Classic country music star Charley Pride once played many state fairs. These days he more likely plays casinos, including the Coushatta Casino in Kinder and the Marksville casino he’s playing Friday, Sept. 2, Paragon.

“The casinos kind of took the nice pay that the fairs used to pay,” Pride said from his office in Dallas. “So that’s why we play quite a number of them. And we’re not the only ones. That’s the trend for just about every artist now.”

Wherever the 73-year-old singer performs, he’s a got vast list of hits from which to choose. Between 1967 and 1987, Pride, the first African-American country music star, released 52 Top 10 country hits, including “Kiss An Angel Good Morning,” “Is Anybody Going to San Antone,” “All I Have To Offer You Is Me,” “Roll On Mississippi,” “Mountain Of Love” and “Mississippi Cotton Pickin’ Delta Town.”

The latter song is close to home for Pride, the son of a cotton-farming Mississippi sharecropper. And it was in Mississippi that the future star got his first exposure to country music.

“It wasn’t quite the going thing, but we listened to the Grand Ole Opry every Saturday,” Pride recalled. “My dad liked Bill Monroe and his Blue Grass Boys. They were his favorite.”

Besides hearing Opry broadcasts from the 50,000-watt WSM in Nashville, local stations featured country music and they, too, influenced Pride.

“I just started singing country music,” he said.

But it was Pride’s talent for baseball, not music, that got him out of the cotton fields. In 1953, his parents signed a contract for their 16-year-old son to play for the Boise Yankees, a class C farm team for the New York Yankees.

Pride subsequently played for the Negro American League and minor leagues. His teams included the Memphis Red Sox, El Paso Kings, Louisville Clippers, the Negro American League All-Star Team, Missoula Timberjacks and the semi-pro East Helena Smelterites.

An ill-fated 1963 tryout for Casey Stengel and the New York Mets as well as encouragement from country stars Red Sovine and Red Foley to pursue music inspired Pride to turn music pro.

Sovine and Foley heard Pride sing “Heartaches By The Numbers” and “Lovesick Blues” in Montana in 1962.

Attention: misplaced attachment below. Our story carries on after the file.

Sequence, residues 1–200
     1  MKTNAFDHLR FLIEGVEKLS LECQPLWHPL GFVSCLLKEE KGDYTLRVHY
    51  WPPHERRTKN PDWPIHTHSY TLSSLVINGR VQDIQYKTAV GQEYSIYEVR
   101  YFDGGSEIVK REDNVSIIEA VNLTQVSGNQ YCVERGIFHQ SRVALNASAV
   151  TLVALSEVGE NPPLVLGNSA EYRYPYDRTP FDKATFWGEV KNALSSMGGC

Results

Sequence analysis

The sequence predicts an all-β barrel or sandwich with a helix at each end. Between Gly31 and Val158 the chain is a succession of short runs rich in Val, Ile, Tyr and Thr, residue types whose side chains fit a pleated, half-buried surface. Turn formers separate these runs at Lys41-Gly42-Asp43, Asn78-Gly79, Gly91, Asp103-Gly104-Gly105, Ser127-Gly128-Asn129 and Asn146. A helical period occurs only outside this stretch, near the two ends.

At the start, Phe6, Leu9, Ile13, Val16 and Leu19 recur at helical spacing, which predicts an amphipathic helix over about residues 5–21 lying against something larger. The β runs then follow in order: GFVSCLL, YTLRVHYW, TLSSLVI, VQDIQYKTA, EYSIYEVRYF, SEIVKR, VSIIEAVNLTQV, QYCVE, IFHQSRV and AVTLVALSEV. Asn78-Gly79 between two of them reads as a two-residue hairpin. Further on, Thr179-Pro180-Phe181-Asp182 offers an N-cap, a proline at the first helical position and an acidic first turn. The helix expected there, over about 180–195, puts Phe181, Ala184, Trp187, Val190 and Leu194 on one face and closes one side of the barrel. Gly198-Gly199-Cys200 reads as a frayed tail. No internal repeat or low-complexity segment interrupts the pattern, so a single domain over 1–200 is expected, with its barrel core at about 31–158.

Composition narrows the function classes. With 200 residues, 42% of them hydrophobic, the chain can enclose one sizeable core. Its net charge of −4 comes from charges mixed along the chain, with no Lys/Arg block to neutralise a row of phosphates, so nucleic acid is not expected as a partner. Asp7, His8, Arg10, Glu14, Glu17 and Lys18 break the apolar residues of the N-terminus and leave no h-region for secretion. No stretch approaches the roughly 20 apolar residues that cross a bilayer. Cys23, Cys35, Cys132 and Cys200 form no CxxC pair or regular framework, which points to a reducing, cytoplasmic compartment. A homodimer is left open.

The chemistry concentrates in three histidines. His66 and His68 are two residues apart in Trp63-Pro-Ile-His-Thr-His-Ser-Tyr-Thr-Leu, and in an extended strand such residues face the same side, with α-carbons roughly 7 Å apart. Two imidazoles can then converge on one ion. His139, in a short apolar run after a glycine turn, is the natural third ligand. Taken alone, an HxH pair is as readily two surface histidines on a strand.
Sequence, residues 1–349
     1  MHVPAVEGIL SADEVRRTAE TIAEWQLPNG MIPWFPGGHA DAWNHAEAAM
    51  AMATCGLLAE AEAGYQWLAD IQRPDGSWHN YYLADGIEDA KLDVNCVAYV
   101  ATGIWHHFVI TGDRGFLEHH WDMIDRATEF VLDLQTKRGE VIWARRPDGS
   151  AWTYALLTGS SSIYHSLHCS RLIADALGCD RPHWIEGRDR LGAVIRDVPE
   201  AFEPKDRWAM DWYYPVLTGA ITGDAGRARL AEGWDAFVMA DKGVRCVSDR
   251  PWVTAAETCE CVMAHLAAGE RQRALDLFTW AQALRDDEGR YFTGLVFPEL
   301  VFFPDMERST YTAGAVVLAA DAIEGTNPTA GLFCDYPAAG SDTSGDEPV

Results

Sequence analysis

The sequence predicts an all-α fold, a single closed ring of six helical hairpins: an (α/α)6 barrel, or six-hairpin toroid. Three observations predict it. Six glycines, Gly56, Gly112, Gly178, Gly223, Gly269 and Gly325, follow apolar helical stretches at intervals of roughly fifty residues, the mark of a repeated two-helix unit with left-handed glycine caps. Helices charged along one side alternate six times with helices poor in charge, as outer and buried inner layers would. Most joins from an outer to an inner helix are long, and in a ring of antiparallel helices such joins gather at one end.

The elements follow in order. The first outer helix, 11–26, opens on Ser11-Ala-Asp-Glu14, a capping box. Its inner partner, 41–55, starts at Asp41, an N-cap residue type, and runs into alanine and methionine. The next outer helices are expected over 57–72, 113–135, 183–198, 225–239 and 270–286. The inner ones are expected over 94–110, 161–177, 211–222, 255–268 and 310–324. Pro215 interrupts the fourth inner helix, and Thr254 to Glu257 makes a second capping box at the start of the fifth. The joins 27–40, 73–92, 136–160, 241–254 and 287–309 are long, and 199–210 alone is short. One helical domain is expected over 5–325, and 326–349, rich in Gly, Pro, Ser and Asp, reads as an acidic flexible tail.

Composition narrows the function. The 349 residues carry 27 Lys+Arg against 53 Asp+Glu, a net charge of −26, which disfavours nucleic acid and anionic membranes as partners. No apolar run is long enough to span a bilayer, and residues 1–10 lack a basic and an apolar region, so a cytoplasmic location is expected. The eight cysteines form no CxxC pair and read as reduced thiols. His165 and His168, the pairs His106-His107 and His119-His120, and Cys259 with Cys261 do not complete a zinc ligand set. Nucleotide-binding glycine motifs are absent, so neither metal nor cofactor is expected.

“They said, ?I ain’t never seen nothing like this. You oughta go to Nashville,’ “ Pride recalled. “So I detoured back through Nashville after Casey Stengel wouldn’t look at me in Clearwater, Fla. Of course, the rest is history.”

It would be three years, though, between Pride’s first meeting with Jack Johnson, the determined manager in Nashville who took the singer under his wing in 1963, and success. Pride’s big break came when famed guitarist and music executive Chet Atkins signed him to RCA Records in 1966. The singer’s first hit, “Just Between You And Me,” went Top 10 in 1967.

Pride, unlike many country stars, never lived in Nashville. Dallas has been his family’s home since 1969. Centrally located, the big Texas town works well for the singer’s frequent air travel.

“You can get out of here and go anywhere in the world,” he said.

Pride had another, more important reason for moving to Dallas.

“Our kids,” he said. “We didn’t want to be in Nashville because, first of all, it was too close to where we grew up in Mississippi. The segregation and that sort of thing, we didn’t want to subject our kids to that.

“Plus, another thing, I didn’t want to be in Nashville because if you’d stick your head out there somebody’ll say, ?I gotta song for you!’ Because you reach a certain point in your career when you don’t have time for people to be hitting you with songs all the time.”

Living away from Nashville meant Pride could visit the city with a full schedule of recording or TV appearances on his agenda. Being so busy left him guilt free about having no time for overeager songwriters.

“I didn’t want them to think I was a snob,” he said. “So it worked out real good.”